Next, let’s create an AngularJS service and controller that will consume the API built in the previous section.

4.1. The AngularJS Service

Our service will have two methods that call the MVC controller methods — one to save a user, and one to retrieve the list of users:

app.service('UserService',['$http', function ($http) {
    this.saveUser = function saveUser(user){
        return $http({
          method: 'POST',
          url: 'user',
          params: {, password:user.password, 
  , age:user.age},
          headers: 'Accept:application/json'
    this.getUsers = function getUsers(){
        return $http({
          method: 'GET',
          url: 'users',
        }).then( function(response){
        } );


4.2. The AngularJS Controller

The UserCtrl controller injects the UserService, calls the service methods and handles the response and error messages:

app.controller('UserCtrl', ['$scope','UserService', function ($scope,UserService) {
	$scope.submitted = false;
	$scope.getUsers = function() {
		   UserService.getUsers().then(function(data) {
		       $scope.users = data;
    $scope.saveUser = function() {
    	$scope.submitted = true;
    	  if ($scope.userForm.$valid) {
              .then (function success(response) {
                  $scope.message = 'User added!';
                  $scope.errorMessage = '';
                  $scope.user = null;
                  $scope.submitted = false;
              function error(response) {
                  if (response.status == 409) {
                    $scope.errorMessage =;
            	  else {
                    $scope.errorMessage = 'Error adding user!';
                  $scope.message = '';

We can see in the example above that the service method is called only if the $valid property of userForm is true. Still, in this case, there is the additional check for duplicate emails, which can only be done on the server and is handled separately in the error() function.

Also, notice that there is a submitted variable defined which will tell us if the form has been submitted or not.

Initially, this variable will be false, and on invocation of the saveUser() method, it becomes true. If we don’t want validation messages to show before the user submits the form, we can use the submitted variable to prevent this.

4.3. Form Using AngularJS Validation

In order to make use of the AngularJS library and our AngularJS module, we will need to add the scripts to our user.html page:

<script src="">
<script src="">
<script src="js/app.js"></script>

Then we can use our module and controller by setting the ng-app and ng-controller properties:

<body ng-app="app" ng-controller="UserCtrl">

Let’s create our HTML form:

<form name="userForm" method="POST" novalidate 
  ng-class="{'form-error':submitted}" ng-submit="saveUser()" >

Note that we have to set the novalidate attribute on the form in order to prevent default HTML5 validation and replace it with our own.

The ng-class attribute adds the form-error CSS class dynamically to the form if the submitted variable has a value of true.

The ng-submit attribute defines the AngularJS controller function that will be called when the form in submitted. Using ng-submit instead of ng-click has the advantage that it also responds to submitting the form using the ENTER key.

Now let’s add the four input fields for the User attributes:

<label class="form-label">Email:</label>
<input type="email" name="email" required ng-model="" class="form-input"/>

<label class="form-label">Password:</label>
<input type="password" name="password" required ng-model="user.password" 
  ng-minlength="4" ng-maxlength="15" class="form-input"/>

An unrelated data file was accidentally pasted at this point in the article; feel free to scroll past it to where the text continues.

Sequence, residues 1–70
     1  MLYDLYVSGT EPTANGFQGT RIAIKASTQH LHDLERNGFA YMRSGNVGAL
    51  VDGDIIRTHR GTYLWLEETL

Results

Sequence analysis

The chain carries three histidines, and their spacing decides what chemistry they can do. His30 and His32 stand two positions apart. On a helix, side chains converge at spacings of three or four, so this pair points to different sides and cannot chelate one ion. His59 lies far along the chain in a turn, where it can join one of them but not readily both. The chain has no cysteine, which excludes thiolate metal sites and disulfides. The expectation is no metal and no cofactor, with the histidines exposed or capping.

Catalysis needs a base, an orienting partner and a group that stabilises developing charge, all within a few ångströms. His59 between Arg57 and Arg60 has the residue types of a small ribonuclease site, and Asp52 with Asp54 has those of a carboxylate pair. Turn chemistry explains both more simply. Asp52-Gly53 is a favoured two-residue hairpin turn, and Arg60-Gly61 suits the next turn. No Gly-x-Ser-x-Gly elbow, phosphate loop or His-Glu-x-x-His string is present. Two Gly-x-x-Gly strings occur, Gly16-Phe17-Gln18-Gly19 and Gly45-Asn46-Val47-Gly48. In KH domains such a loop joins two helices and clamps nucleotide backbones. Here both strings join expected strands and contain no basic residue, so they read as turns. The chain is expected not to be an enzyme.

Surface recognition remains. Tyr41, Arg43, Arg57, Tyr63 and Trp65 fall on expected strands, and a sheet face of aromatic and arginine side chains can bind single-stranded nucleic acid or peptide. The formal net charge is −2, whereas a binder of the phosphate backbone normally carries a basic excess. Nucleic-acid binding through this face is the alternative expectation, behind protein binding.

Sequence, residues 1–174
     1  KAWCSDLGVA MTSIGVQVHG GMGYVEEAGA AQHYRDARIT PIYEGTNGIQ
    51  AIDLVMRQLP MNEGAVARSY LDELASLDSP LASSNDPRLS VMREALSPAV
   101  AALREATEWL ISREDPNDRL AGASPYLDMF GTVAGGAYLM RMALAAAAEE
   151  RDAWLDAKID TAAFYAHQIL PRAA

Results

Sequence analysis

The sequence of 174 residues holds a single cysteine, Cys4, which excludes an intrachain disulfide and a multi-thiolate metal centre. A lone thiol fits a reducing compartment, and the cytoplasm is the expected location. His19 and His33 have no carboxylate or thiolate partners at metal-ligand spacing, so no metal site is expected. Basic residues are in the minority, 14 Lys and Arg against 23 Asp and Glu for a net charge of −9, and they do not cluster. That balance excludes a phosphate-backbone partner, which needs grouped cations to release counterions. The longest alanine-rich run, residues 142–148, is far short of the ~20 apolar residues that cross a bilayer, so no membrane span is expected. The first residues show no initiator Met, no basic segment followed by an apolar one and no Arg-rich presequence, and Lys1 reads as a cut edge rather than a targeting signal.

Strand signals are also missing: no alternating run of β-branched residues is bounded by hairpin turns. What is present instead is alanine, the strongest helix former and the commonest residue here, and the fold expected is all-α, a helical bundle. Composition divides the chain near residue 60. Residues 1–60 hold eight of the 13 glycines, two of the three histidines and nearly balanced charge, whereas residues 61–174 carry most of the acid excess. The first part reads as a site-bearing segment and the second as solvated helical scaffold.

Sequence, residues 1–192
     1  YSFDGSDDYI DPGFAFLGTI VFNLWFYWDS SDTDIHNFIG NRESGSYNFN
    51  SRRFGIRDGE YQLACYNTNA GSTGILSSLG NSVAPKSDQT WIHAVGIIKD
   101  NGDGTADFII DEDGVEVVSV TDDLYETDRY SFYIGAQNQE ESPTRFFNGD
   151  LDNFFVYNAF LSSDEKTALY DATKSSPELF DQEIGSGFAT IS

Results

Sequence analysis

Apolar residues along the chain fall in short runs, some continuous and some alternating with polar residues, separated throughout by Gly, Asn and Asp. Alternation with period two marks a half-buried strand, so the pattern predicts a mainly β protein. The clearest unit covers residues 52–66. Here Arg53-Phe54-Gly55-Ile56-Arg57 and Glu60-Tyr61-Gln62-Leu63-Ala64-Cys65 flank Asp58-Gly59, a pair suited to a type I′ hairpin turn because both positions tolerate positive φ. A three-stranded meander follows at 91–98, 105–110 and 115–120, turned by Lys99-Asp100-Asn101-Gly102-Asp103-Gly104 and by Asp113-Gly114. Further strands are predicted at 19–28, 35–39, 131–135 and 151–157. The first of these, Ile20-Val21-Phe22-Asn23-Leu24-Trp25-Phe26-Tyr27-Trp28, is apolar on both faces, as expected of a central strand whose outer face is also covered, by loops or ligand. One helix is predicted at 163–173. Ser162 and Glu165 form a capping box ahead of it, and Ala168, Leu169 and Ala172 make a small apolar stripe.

<label class="form-label">Name:</label>
<input type="text" name="name" ng-model="" ng-trim="true" 
  required class="form-input" />

<label class="form-label">Age:</label>
<input type="number" name="age" ng-model="user.age" ng-min="18"
  class="form-input" required/>

Each input field has a binding to a property of the user variable through the ng-model attribute.

For setting validation rules, we use the HTML5 required attribute and several AngularJS-specific attributes: ng-minglength, ng-maxlength, ng-min, and ng-trim.

For the email field, we also use the type attribute with a value of email for client-side email validation.

In order to add error messages corresponding to each field, AngularJS offers the ng-messages directive, which loops through an input’s $errors object and displays messages based on each validation rule.

Let’s add the directive for the email field right after the input definition:

<div ng-messages="$error" 
  ng-show="submitted &&$invalid" class="error-messages">
    <p ng-message="email">Invalid email!</p>
    <p ng-message="required">Email is required!</p>

Similar error messages can be added for the other input fields.

We can control when the directive is displayed for the email field using the ng-show property with a boolean expression. In our example, we display the directive when the field has an invalid value, meaning the $invalid property is true, and the submitted variable is also true.

Only one error message will be displayed at a time for a field.

We can also add a check mark sign (represented by HEX code character ✓) after the input field in case the field is valid, depending on the $valid property:

<div class="check" ng-show="$valid">✓</div>

AngularJS validation also offers support for styling using CSS classes such as ng-valid and ng-invalid or more specific ones like ng-invalid-required and ng-invalid-minlength.

Let’s add the CSS property border-color:red for invalid inputs inside the form’s form-error class:

.form-error {

We can also show the error messages in red using a CSS class:

.error-messages {

After putting everything together, let’s see an example of how our client-side form validation will look when filled out with a mix of valid and invalid values:

AngularJS form validation example

5. Conclusion

In this tutorial, we’ve shown how we can combine client-side and server-side validation using AngularJS and Spring MVC.

As always, the full source code for the examples can be found over on GitHub.

To view the application, access the /userPage URL after running it.